Simulating the evolution of soot mixing state with a particle-resolved aerosol model
N. Riemer, M. West, R. A. Zaveri, and R. C. Easter
Journal of Geophysical Research 114(D09202), 2009.
The mixing state of soot particles in the atmosphere is of crucial importance for assessing their climatic impact, since it governs their chemical reactivity, cloud condensation nuclei activity, and radiative properties. To improve the mixing state representation in models, we present a new approach, the stochastic particle-resolved model PartMC-MOSAIC, which explicitly resolves the composition of individual particles in a given population of different types of aerosol particles. This approach tracks the evolution of the mixing state of particles due to emission, dilution, condensation, and coagulation. To make this direct stochastic particle-based method practical, we implemented a new multiscale stochastic coagulation method. With this method we achieved high computational efficiency for situations when the coagulation kernel is highly nonuniform, as is the case for many realistic applications. PartMC-MOSAIC was applied to an idealized urban plume case representative of a large urban area to simulate the evolution of carbonaceous aerosols of different types due to coagulation and condensation. For this urban plume scenario we quantified the individual processes that contributed to the aging of the aerosol distribution, illustrating the capabilities of our modeling approach. The results showed for the first time the multidimensional structure of particle composition, which is usually lost in sectional or modal aerosol models.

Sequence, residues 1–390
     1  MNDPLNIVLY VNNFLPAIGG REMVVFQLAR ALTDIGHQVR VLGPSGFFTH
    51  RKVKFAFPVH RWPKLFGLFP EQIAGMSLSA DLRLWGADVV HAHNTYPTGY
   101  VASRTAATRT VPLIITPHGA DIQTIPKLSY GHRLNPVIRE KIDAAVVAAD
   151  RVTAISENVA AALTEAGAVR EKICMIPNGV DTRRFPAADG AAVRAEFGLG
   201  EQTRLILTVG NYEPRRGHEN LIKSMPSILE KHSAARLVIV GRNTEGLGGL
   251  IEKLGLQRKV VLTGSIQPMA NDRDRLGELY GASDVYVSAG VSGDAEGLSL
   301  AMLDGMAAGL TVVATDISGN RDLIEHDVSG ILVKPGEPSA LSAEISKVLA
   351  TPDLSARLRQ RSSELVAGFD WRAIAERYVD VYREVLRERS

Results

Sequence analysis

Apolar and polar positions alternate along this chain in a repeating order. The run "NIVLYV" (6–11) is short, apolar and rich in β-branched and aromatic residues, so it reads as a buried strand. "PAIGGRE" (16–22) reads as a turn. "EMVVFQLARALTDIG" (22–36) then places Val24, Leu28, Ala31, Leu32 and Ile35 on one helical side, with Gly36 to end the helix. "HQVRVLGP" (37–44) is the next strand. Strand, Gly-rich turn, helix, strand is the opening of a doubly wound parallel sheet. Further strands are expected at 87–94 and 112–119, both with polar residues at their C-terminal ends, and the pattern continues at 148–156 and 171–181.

Full text: RiWeZaEa2009.pdf